"He was there for the student," Callas said. "He didn't feel there was anything that couldn't be resolved."
Said Kekoa Walker, 17, "He's not like most other counselors. He treated you like an adult. He got to know you. He'd make jokes and make you forget about (your problem) and then ease you back into it."
Students liked Leonard because he was different than other adults, Schaefer said. "He didn't like getting older. He was kind of a free spirit. You could hear his laugh down the hall. Kids felt they could confide in him. He was certainly cooler than their parents, at least they thought so, and in middle school that's important."
Leonard started with the district as a counselor, teacher and administrator at what was called the Youth Resource Center, an academic program for students on probation that was later discontinued. He spent 18 years there, working with 50 to 100 students a year, many of them troubled.
That's where he met Mike Sells, now the president of the Everett Education Association.
"We did fun stuff," Sells said. "We had picnics with the students. We cooked turkeys at Christmas. We had huge Halloween parties; one year I dressed as a killer bunny."
Leonard also worked at Cascade High School, where he stayed four years until a conflict with another teacher sent him to North Middle School four years ago.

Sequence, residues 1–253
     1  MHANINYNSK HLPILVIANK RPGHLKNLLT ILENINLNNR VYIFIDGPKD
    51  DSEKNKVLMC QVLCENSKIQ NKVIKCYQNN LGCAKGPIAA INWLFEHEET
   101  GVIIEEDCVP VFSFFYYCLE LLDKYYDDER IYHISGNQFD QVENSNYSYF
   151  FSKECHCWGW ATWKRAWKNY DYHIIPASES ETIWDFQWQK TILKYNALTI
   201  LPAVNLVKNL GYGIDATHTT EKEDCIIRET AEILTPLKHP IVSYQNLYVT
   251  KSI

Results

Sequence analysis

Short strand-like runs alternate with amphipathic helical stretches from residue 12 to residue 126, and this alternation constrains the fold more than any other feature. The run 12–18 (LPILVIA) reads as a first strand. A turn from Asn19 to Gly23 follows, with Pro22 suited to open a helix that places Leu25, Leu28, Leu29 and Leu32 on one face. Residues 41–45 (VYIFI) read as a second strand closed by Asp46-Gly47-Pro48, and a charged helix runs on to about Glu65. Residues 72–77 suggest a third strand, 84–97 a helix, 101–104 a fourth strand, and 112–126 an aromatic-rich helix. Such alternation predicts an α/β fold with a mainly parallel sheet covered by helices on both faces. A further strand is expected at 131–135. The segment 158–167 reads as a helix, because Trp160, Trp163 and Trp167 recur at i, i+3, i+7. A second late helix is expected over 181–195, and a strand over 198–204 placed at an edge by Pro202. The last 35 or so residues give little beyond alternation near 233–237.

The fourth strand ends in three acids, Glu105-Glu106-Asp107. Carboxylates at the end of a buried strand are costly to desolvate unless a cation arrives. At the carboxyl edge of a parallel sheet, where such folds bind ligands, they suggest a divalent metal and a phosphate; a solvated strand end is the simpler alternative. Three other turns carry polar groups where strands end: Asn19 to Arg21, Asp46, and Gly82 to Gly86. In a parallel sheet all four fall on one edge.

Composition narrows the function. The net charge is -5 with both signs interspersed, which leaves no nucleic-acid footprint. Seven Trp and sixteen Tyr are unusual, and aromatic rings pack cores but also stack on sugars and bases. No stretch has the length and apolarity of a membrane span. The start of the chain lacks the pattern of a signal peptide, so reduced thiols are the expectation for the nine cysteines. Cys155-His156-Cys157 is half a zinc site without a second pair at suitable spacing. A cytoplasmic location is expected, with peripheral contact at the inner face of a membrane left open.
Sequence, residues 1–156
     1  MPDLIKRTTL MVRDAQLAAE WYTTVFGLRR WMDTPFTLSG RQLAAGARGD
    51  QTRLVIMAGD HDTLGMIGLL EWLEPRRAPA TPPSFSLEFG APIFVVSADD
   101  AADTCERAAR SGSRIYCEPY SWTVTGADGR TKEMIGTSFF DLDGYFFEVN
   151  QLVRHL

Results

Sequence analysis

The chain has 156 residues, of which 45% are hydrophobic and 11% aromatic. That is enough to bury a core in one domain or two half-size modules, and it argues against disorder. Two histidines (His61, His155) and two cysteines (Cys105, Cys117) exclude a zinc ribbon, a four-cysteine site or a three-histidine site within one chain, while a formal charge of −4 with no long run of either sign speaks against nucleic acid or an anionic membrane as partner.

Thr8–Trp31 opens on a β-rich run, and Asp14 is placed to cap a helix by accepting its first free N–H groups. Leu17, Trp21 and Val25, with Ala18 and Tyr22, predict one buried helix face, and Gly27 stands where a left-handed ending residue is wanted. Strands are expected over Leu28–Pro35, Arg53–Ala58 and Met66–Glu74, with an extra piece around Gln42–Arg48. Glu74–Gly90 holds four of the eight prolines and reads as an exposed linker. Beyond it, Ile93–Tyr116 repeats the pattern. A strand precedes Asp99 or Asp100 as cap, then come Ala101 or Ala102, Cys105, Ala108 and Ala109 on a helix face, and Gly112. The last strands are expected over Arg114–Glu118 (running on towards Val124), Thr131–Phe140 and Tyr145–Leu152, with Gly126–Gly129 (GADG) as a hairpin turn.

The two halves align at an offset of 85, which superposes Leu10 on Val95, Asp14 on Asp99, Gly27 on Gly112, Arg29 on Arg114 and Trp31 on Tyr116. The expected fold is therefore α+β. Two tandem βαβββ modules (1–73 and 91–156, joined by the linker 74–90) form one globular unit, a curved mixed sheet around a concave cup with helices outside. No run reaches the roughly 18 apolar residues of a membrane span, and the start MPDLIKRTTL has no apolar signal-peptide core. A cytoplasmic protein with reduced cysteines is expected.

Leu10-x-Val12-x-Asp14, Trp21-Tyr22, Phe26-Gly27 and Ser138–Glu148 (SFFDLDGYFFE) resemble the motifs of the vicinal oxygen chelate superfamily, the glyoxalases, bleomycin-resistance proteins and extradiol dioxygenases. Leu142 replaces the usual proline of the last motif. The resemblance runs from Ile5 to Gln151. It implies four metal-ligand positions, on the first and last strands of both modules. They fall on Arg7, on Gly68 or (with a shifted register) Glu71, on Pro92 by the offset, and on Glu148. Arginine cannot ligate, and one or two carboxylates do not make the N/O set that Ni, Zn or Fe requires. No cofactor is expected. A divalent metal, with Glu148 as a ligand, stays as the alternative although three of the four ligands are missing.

Leonard liked to have fun in his private life as well, friends said, and was not averse to spending money. He loved staying up late, going to restaurants and collecting fast cars, including a purple Porsche and a vintage Ford. He liked rock music and his favorite movie, Sells said, was "This is Spinal Tap," a parody of a documentary about a hapless hard-rock band.
Leonard was estranged from his wife, Teresa, whom he met at a national teachers-union conference in New Orleans, Sells said, where she, 16 years his junior, was working as a hotel concierge.
The two were married in Seattle in 1990 and had a daughter 18 months later.
Leonard's wife filed for divorce in July 1995 after moving out several months earlier.
At the time, Leonard wrote in papers filed in Snohomish County Superior Court, "Our financial condition is disastrous."
According to Leonard's affidavit, he had borrowed up to $30,000 to make his house payments and owed $46,000 to creditors, mainly credit-card companies.
He earned about $52,000 a year as a counselor.
The Leonards took no action after initial divorce papers were filed, and Leonard's father said the couple were trying to work it out. Last month, the court was going to dismiss the case but Leonard asked that the file be kept open.
Teresa Leonard could not be reached for comment.
While Leonard could get students to open up, he was circumspect about his own troubles, Sells said, rarely discussing his family or other personal matters.
"I had heard he had sort of a street-kid life himself and so understood it. He could really get to the core of what a kid was thinking."
One of his favorite lines, Sells said, if a student was afraid to try something new, was "What are they going to do? Take away your birthday?"
"It sounds like they took Chuck's birthday away, whoever it was," Sells said.